Marketing for New Business in Today's Messed up Economy
by guest contributor Bob McClain of wordsmithbob.com
Despite what you hear from the "marketing gurus", there is
no "magic" marketing that will get you rolling in new business in days or weeks.
Marketing requires a long term approach and a regular commitment. Sending out
postcards when things get slow is not marketing. Having a plan and sticking
with it, is.
Right now and for the foreseeable future, marketing on the
Internet will get you the most bang for your buck. And I don't want to hear,
"our customers don't look for us on the web." That may have been true several
years ago but today, everyone looks on the web.
Only a handful of people still use the Yellow Pages. And
yes, there are companies that still prefer to find vendors by word of mouth or
recommendation but as things get tighter, more and more companies are turning
to the web to find vendors that can give them the terms or turn-around they are
looking for or has the flexibility they need.
So, what are some of the most effective marketing methods
for the web? Here's one I use.
Sending out weekly
press releases on the web.
This can be powerful marketing and much more cost effective
than you might think. However, your press releases need to be web-ready press
releases. This means that the releases should be sent out via a regular online press release service that can
embed pictures and links in the press release. You can find these services on
the web and the lowest priced ones should be around $40-$50. A press release put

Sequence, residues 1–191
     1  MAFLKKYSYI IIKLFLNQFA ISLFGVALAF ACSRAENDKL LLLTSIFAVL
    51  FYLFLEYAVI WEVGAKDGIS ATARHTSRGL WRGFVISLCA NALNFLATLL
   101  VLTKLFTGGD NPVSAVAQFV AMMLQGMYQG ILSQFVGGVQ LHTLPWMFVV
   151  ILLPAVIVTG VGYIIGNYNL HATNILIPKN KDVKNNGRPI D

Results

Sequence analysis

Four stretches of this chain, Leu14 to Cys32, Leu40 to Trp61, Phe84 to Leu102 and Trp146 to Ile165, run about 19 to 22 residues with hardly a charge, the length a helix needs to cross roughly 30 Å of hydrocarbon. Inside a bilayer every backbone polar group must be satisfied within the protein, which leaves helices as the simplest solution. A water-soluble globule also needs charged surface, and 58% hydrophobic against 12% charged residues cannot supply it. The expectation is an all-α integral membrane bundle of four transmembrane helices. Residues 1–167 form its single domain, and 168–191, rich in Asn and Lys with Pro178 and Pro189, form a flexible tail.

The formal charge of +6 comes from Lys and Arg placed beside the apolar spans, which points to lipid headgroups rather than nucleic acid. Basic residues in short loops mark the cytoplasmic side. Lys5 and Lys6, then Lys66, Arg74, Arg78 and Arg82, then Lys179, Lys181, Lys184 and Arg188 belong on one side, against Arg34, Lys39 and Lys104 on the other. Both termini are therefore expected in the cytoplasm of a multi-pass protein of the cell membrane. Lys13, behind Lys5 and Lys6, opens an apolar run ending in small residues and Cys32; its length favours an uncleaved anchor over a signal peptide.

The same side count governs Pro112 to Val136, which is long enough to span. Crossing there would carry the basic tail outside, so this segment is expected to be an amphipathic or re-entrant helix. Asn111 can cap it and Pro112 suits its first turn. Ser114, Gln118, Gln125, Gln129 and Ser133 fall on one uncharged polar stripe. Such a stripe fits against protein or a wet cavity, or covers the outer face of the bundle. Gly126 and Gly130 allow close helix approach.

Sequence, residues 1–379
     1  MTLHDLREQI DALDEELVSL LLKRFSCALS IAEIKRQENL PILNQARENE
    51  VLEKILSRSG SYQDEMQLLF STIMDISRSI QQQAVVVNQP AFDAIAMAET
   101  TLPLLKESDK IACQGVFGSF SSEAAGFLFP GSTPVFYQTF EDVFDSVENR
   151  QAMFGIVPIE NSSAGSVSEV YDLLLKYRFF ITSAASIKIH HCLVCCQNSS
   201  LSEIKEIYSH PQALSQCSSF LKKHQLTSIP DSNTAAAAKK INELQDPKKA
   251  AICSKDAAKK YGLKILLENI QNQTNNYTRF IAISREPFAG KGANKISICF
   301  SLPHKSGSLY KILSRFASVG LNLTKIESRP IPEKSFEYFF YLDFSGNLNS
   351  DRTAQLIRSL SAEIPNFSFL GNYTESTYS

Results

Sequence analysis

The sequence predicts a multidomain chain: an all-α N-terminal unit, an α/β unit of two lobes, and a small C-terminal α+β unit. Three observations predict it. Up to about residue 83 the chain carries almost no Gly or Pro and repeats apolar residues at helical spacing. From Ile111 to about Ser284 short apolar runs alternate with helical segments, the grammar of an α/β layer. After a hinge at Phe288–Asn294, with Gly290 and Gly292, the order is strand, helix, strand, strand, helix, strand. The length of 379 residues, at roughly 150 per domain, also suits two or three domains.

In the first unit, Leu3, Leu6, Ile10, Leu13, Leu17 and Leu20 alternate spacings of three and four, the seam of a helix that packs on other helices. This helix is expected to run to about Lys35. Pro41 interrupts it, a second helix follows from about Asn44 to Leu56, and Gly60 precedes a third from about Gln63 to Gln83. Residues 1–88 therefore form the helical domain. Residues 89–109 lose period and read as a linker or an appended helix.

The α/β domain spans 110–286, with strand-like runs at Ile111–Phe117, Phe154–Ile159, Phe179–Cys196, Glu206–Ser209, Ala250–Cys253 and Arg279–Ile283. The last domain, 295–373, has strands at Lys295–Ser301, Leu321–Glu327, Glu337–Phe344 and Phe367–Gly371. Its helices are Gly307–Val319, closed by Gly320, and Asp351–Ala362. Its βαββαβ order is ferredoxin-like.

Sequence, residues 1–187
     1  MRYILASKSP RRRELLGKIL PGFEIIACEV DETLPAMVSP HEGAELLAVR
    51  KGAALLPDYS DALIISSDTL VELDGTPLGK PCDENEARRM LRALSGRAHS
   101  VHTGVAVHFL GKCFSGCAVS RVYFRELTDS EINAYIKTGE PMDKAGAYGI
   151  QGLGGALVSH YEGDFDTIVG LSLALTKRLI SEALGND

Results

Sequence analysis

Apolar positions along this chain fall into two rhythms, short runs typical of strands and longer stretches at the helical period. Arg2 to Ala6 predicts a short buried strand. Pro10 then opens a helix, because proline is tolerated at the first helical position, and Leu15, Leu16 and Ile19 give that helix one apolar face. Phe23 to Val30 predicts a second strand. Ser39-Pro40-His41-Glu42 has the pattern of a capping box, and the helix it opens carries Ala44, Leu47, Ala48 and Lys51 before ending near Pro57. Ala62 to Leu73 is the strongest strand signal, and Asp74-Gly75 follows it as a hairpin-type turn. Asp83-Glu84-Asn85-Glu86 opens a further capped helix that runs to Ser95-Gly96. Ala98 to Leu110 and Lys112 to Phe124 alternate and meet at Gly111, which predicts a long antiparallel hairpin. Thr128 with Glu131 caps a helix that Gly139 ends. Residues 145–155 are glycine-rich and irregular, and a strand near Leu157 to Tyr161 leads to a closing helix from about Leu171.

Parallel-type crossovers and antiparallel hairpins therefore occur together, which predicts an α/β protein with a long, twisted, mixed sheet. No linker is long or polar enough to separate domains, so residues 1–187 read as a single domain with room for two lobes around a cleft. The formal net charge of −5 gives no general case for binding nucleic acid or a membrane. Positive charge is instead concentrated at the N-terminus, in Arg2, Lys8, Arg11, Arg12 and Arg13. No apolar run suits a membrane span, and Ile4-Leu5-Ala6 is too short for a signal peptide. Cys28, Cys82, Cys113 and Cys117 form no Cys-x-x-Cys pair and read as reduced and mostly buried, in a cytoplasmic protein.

out on the web with no links in it is a waste of time and money.
Secondly, the press release must be written like an article
about a current newsworthy topic. Don't write it about your company or your
products. I know that sounds "counter-productive" but if you write about a
newsworthy topic offering advice and your contact info at the bottom, websites
will pick it up and post it as a helpful article. If you send it out talking
about your products, services or company, they'll see it for what it is; self-promotion
and they'll delete it. Here's
an example of a press release I sent out recently.
And remember, every time one of your press releases gets posted
on the web, that's another link back to your website. This tells the search
engines that your website is important enough for someone to link to it without
a link back. For this reason, they place you higher in the search engine listings.
And more importantly, anyone who reads the article and finds it helpful is
likely to contact you through that link or at least visit your website. If your
website is written to convert visitors into buyers, you've scored.
Lastly, you need to have a regular Press Page on your
website and post links to each of your press releases on that page. This
accomplishes several things. First, it adds content to your website which the
search engines love.
Secondly, a press page is also great for reporters. It gives
them a single place where they can find all of your press releases so they
don't have to search for them. And you can also post your company info,
press-ready pictures, and recommended questions for reporters to ask you if
they contact you. If you make things easy for reporters, they are much more
likely to work with you. Here's my press kit
If you would like to learn more about marketing on the web,
tell Mark Komen and I'd be happy to write more articles on real, proven and
effective programs for marketing small to medium-sized businesses.
Bob McClain is known
throughout the Twin Cities as WordsmithBob. He teams up with various web
design, marketing and search engine optimization firms in the area to create
effective marketing campaigns for small businesses. His purpose is to help
small businesses get found on the web ahead of their competitors and convert
those visitors into buyers or sales leads. He can be found at www.wordsmithbob.com.